Special Feature
Blub blub blub Organized by the Monterey Bay Aquarium, this Seafood Recommendation list provides a comprehensive guide for the sustainability-minded seafood lover. Check it out here before your next trip to the grocery store!

Video:From September 4 to October 7, 2014, the NOAA Ship Okeanos Explorer explored the uncharted deep-sea ecosystems of the US Atlantic coast. Among their many findings was this close-up of an octopus moving across the floor of Phoenix Canyon. Video credit to NOAA Okeanos Explorer Program.
                                                                

November 18th to 21st, 2014
9th International INMARTECH Symposium
Corvallis, Oregon

Underwater

The 9th International Marine Technician, INMARTECH 2014, Symposium will be held at Oregon State University (OSU) in Corvallis, Oregon on November 18-21, 2014. INMARTECH symposia were initiated with the purpose of providing a forum for marine technicians to meet and exchange knowledge and experiences, thereby aiming to improve equipment performance, deployment, and operational techniques during scientific cruises on research vessels.

Submit a Calendar Item

The Marine Science Portal on EurekAlert! was created through grants from The David and Lucile Packard Foundation and The Ambrose Monell Foundation.
 

Key: Meeting M      Journal J      Funder F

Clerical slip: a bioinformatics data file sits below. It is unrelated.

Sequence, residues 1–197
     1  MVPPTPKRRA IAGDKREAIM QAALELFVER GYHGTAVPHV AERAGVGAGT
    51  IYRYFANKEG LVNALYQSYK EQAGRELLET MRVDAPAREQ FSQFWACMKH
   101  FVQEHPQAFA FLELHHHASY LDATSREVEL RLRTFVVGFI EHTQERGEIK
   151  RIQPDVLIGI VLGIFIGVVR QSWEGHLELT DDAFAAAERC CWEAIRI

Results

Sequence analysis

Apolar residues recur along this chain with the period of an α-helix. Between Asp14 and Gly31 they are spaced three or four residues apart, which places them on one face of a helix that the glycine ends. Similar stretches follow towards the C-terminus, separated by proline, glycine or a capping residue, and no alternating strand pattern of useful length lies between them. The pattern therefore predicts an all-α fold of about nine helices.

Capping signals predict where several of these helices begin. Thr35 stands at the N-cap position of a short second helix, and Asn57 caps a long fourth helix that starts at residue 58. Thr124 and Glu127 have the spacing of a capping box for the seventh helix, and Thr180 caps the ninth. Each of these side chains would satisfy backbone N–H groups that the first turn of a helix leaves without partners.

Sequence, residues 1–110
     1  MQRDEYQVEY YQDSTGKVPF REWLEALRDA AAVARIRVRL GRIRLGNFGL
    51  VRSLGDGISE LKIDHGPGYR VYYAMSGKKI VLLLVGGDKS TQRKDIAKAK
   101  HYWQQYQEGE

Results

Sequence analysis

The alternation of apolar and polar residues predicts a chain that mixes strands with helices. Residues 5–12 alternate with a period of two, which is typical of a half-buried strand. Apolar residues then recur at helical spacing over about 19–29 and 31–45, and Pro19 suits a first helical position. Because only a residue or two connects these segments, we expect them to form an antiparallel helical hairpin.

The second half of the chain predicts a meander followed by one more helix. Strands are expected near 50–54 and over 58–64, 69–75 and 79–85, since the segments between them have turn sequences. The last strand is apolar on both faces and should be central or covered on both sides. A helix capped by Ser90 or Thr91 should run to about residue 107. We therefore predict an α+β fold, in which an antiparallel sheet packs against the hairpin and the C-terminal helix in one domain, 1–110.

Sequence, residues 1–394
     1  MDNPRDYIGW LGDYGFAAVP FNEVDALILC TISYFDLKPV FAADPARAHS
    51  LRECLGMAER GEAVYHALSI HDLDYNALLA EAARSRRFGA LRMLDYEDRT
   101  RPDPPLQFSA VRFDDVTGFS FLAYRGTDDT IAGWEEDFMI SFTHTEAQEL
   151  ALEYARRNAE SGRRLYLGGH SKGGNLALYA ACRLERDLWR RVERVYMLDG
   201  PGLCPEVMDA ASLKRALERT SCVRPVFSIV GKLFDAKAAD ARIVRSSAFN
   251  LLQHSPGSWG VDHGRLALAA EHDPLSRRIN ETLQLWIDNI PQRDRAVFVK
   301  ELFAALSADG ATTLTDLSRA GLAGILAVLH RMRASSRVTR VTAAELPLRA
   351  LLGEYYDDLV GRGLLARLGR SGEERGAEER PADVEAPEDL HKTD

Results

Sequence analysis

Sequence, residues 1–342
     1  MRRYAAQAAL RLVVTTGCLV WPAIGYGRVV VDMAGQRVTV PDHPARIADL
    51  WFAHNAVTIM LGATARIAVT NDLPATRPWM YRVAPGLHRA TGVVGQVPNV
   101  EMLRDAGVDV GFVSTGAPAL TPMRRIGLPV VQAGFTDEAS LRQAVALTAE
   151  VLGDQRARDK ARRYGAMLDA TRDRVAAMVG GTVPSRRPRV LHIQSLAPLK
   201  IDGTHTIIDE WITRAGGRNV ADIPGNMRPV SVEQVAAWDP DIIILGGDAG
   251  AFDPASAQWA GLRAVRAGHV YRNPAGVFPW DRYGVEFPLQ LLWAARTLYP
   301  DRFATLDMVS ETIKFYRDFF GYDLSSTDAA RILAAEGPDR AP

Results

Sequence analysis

Showing releases 191-200 out of 285.

<< < 15 | 16 | 17 | 18 | 19 | 20 | 21 | 22 | 23 | 24 > >>

Public Release: 1-Dec-2014
NASA satellites provide triple coverage on Tropical Storm Sinlaku
Tropical Storm Sinlaku made landfall in east-central Vietnam bringing some moderate to heavy rainfall with it. NASA and the Japan Aerospace Exploration Agency's TRMM and GPM satellites analyzed the rainfall rates occurring in Sinlaku before it made landfall while NASA's Terra satellite spotted the storm as it came ashore in Vietnam.
NASA

Contact: Rob Gutro
robert.j.gutro@nasa.gov
NASA/Goddard Space Flight Center

Public Release: 1-Dec-2014
NASA's Terra Satellite catches fast-developing Tropical Storm Hagupit
Tropical Storm Hagupit was just a low pressure area on Nov. 30, but warm waters and good atmospheric conditions allowed the storm to develop rapidly. By Dec. 1 the low pressure area strengthened into a tropical storm when NASA's Terra satellite passed overhead.
NASA

Contact: Rob Gutro
robert.j.gutro@nasa.gov
NASA/Goddard Space Flight Center